Joe Proudman / UC Davis
Arabic Coffee Genome Sequenced
Good Land Organics farmer Jay Ruskey, left, and UC Davis researcher Juan Medrano, right, look at coffee cherries at Good Land Organics in Goleta, Calif., on Dec. 15, 2016.
Researchers in California recently released the first public genome sequence for arabica coffee. With this information, varieties can be engineered to resist disease yet maintain quality.
The sequence was published Jan. 13 and posted on Phytozome.net, the public database for comparative plant genomics coordinated by the U.S. Department of Energy.
“This new genome sequence for Coffea arabica contains information crucial for developing high-quality, disease-resistant coffee varieties that can adapt to the climate changes that are expected to threaten global coffee production in the next 30 years,” said Juan Medrano, co-researcher on the sequencing project and a geneticist in the College of Agricultural and Environmental Sciences at the University of California, Davis.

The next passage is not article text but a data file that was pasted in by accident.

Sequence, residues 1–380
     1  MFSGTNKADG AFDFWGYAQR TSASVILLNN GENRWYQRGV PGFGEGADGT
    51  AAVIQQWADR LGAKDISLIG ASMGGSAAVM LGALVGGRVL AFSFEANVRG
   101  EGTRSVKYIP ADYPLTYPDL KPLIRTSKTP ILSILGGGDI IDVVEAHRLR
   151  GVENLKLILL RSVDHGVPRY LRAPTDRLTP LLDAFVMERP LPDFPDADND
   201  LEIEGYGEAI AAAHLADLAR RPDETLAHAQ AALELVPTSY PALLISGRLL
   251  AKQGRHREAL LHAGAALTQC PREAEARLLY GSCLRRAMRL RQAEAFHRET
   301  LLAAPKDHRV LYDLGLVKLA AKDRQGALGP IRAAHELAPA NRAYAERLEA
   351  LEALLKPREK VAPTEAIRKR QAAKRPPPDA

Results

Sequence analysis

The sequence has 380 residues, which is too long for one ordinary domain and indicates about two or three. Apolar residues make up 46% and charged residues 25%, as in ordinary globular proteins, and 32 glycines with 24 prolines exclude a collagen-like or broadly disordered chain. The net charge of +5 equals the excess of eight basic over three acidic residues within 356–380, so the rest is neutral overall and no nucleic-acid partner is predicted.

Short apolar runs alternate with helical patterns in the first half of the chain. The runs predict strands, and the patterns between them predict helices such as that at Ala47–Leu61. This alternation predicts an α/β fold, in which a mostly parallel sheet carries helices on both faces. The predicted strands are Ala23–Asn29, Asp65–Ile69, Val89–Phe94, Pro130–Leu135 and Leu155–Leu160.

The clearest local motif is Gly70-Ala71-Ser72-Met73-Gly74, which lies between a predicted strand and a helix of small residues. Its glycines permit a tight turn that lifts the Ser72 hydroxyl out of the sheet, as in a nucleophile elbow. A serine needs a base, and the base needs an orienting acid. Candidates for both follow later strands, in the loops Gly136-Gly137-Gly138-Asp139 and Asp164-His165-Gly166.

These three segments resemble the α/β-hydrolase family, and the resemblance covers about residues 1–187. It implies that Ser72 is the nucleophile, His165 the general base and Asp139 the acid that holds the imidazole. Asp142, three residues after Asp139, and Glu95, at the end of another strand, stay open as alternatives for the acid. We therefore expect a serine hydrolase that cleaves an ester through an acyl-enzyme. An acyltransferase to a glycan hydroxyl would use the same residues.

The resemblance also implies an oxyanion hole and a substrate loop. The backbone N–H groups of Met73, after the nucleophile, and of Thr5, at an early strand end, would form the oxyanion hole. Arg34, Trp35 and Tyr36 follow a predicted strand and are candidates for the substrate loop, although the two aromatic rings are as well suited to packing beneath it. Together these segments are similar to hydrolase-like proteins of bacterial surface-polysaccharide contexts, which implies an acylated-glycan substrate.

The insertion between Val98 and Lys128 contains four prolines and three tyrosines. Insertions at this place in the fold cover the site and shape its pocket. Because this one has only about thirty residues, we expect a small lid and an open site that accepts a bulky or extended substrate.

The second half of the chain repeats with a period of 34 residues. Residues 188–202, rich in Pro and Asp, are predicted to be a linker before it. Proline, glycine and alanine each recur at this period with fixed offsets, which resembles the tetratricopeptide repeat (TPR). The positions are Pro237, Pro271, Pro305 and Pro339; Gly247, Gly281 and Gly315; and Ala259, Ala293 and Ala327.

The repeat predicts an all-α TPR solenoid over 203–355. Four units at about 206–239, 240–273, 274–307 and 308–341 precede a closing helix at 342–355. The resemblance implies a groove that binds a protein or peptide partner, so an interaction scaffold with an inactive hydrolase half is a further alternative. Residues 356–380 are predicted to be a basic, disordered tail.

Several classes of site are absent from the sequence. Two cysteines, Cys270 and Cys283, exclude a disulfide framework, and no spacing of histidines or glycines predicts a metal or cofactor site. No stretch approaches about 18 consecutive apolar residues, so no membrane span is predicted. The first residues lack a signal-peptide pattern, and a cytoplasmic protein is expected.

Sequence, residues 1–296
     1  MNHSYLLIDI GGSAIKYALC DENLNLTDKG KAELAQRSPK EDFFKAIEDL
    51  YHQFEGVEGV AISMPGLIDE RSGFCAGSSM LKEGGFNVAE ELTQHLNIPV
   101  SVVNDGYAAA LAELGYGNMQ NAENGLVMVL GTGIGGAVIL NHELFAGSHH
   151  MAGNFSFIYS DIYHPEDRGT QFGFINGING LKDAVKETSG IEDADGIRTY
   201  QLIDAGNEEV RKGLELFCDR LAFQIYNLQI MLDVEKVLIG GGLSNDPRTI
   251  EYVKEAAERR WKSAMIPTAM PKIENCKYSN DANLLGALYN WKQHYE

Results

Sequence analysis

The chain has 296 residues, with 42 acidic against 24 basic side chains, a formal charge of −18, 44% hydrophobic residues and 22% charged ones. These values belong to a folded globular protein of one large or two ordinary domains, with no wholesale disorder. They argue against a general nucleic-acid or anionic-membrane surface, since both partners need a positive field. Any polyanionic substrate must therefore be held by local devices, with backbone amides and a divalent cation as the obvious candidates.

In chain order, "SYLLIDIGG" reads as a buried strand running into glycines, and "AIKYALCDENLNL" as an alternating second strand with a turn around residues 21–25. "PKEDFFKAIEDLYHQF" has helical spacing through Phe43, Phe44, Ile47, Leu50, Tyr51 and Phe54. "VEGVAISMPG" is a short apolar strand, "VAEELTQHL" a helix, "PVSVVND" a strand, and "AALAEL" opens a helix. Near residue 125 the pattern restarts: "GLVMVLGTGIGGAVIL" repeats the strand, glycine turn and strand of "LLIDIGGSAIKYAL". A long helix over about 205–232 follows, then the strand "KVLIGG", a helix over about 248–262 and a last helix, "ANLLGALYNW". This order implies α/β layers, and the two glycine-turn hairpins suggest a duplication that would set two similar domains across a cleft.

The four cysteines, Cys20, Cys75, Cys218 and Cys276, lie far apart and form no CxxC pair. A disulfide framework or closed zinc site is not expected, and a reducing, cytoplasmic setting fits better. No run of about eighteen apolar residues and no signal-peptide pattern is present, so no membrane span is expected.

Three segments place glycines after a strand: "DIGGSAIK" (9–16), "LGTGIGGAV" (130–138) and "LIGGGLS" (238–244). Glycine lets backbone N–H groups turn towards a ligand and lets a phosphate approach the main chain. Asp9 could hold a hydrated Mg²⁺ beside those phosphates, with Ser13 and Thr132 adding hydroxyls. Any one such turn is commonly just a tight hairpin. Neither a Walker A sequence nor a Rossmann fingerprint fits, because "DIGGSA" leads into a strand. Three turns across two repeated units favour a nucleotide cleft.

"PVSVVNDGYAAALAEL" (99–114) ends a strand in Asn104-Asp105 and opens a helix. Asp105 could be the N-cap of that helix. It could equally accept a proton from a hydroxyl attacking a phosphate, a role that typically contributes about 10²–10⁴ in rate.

“We hope that the C. arabica sequence will eventually benefit everyone involved with coffee - from coffee farmers, whose livelihoods are threatened by devastating diseases like coffee leaf rust, to coffee processors and consumers around the world,” he said in an article on the UC Davis website.
More information: http://bit.ly/2iEZAQk